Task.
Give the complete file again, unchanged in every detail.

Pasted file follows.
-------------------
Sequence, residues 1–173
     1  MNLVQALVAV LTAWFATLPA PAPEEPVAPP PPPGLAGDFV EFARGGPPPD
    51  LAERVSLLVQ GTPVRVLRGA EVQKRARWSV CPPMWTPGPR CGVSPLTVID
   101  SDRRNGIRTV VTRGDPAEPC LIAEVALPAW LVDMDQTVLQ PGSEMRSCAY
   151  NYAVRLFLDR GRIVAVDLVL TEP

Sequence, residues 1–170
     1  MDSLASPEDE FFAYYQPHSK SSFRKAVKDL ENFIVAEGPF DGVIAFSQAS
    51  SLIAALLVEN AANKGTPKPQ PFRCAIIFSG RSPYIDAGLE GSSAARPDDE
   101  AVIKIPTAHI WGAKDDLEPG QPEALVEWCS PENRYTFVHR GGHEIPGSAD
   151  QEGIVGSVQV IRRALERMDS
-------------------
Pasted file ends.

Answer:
Sequence, residues 1–173
     1  MNLVQALVAV LTAWFATLPA PAPEEPVAPP PPPGLAGDFV EFARGGPPPD
    51  LAERVSLLVQ GTPVRVLRGA EVQKRARWSV CPPMWTPGPR CGVSPLTVID
   101  SDRRNGIRTV VTRGDPAEPC LIAEVALPAW LVDMDQTVLQ PGSEMRSCAY
   151  NYAVRLFLDR GRIVAVDLVL TEP

Sequence, residues 1–170
     1  MDSLASPEDE FFAYYQPHSK SSFRKAVKDL ENFIVAEGPF DGVIAFSQAS
    51  SLIAALLVEN AANKGTPKPQ PFRCAIIFSG RSPYIDAGLE GSSAARPDDE
   101  AVIKIPTAHI WGAKDDLEPG QPEALVEWCS PENRYTFVHR GGHEIPGSAD
   151  QEGIVGSVQV IRRALERMDS